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A good basketball player can sometimes give off the vibe of being two places at once. The Dean twins give off this vibe a little more effectively than most.

Emily and Madison Dean, seniors at El Molino High School, are the engines that make the Lions girls’ basketball team go. Team captains, stat leaders and emotional drivers of the team, the duo have long been leaders in both word and deed.

“If you are going to compare both heart and passion, they are equal,” said Keith Nordby, the Lions’ head basketball coach.

They gave the same effort to the Lions’ soccer team that went to the semifinal in the North Coast Section Division III tournament last fall.

Longtime soccer teammate and friend Anamaria Morales has seen what the sisters’ bond can bring to a team.

“They are both wing midfielders, so it’s very important that they work simultaneously and together,” she said. “They work very well together. It’s kind of like they can read each others’ minds. I kid you not, they say the same things. It brings the midfield together for us; they can go up and down the wings and cross back and forth for us and it works.”

That makes sense to the Deans’ mom, Monica.

“They know what they’re thinking without it even being spoken,” she said. “When they were little, they certainly had their own language.”

The sisters call it “twin telepathy.”

In sports, whether it’s soccer, basketball, softball or martial arts, that bond shows up in practices and games.

Lions’ soccer coach Tomas Morales, Anamaria’s dad, saw it, too.

“I’d put one on the left wing and one on the right wing and they would control the midfield,” he said.

“They are natural athletes,” he said. “Soccer-wise, they are just smart players. Natural.”

Both were all Sonoma County League selections this fall — Emily on the second team, Madison got honorable mention.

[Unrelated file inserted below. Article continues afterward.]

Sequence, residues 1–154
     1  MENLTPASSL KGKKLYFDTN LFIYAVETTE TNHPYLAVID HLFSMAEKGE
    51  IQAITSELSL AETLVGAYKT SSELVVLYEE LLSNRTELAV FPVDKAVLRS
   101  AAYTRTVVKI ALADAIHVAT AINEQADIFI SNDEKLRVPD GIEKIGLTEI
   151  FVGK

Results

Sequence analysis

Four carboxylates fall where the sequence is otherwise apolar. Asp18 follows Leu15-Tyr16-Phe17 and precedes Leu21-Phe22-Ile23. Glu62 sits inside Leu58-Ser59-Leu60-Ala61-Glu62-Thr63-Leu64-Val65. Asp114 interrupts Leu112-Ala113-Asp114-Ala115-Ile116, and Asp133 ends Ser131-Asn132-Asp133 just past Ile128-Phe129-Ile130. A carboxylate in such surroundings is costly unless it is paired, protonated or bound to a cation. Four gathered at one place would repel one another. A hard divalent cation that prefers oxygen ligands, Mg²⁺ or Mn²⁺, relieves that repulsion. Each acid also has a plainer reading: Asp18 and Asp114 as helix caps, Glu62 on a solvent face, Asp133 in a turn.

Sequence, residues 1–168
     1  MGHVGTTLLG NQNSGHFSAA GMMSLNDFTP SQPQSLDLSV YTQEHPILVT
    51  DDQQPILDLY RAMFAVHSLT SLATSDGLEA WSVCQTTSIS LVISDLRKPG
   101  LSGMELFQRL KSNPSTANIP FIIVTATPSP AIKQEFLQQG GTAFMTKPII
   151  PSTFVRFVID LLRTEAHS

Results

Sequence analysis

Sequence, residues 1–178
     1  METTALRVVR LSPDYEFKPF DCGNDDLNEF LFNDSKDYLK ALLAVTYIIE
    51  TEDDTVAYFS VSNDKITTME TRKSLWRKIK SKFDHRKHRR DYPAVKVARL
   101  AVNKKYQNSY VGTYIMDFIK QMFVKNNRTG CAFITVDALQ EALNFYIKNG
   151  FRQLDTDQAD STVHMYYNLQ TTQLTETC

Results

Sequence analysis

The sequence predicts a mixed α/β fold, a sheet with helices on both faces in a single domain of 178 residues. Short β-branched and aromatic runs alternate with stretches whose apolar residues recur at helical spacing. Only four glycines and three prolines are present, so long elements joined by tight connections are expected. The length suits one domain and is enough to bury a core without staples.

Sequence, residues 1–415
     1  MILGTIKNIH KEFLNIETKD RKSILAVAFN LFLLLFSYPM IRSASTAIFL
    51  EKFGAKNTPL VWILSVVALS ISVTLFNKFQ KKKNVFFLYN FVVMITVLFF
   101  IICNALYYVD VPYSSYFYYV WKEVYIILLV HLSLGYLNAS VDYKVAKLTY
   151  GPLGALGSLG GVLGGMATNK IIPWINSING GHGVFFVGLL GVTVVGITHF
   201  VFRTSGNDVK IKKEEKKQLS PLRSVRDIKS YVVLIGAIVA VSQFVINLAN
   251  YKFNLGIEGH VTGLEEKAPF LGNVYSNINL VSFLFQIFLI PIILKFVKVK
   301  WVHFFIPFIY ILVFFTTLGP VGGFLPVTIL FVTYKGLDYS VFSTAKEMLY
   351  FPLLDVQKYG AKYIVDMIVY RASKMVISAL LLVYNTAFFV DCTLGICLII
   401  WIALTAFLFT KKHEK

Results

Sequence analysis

To a stranger, the most obvious difference between the pair is Emily’s slightly darker hair. Upon closer inspection, one realizes that Madison’s nose stud is in her right nostril and Emily’s nose ring is in her left nostril. Which is weird because Madison is left-handed and Emily is a righty. Which is then double-weird because Madison professes to be less artistic than her right-handed sister, which goes against oft-accepted beliefs about traits of right-handers and left-handers.

They are so-called mirror twins, hence the right hand, left hand thing. But it manifested in their teeth too — they are both missing a tooth, but on opposite sides of their mouths. Today, both sets of teeth are covered in braces and bands of the same color: teal.

For all of their similarities, the two branch out frequently, whether they intend to or not.

One will show up with hair braided, the other in a ponytail. One will have her practice jersey flipped to red, the other to white. One will wear Lions shorts, the other plain black.

But know this — they are remarkably close. Sure, they bicker, but who wouldn’t with someone who is on the same team, rides in the same car to school, takes the same classes and lives under the same roof?

Their dad, Jeff Dean, said as infants they slept in the same crib, always touching.

“They couldn’t be away from each other,” he said.

Tomas Morales found it comical the way the twins would be drawn to each other on the soccer field — until they weren’t.

“Whenever I wasn’t looking they would put themselves together — and then the argument would break out and I’d have to separate them,” he said.

“They would laugh it off afterwards.”

It happens on the hardwood, too.

“There is always bickering. It is cute when they get after each other,” Nordby said. “It never seems to fail that the two of them always seem to go against each other. They are always challenging each other. That part is good.”

“He’s always telling us to divorce each other,” Madison Dean said.

But with the bond comes a drive to best the other — a built in competitor at all things. Maybe that’s why they excel at sports; maybe that’s why they are both excellent students.

“Their parents never told them which was older so they are always trying to figure it out and outdo each other,” Tomas Morales said. “Maybe that is why they are so driven.”

Monica Dean has reason not to tell Emily and Madison who is older. She has twin sisters and the hierarchy of their family was always based on one being just moments older. Not on her watch, she said.

“They don’t know and they are not going to know until they are 18,” she said with a laugh.

That day will come soon. In June. Also coming soon are college decisions. In a new move, the twins say now that they will attend different campuses.

Nordby, among others, will miss them.

“They are amazing kids. I wish I had 20 of those kids,” he said.

Two will have to do.

You can reach staff columnist Kerry Benefield at 526-8671 or kerry.benefield@pressdemocrat.com.

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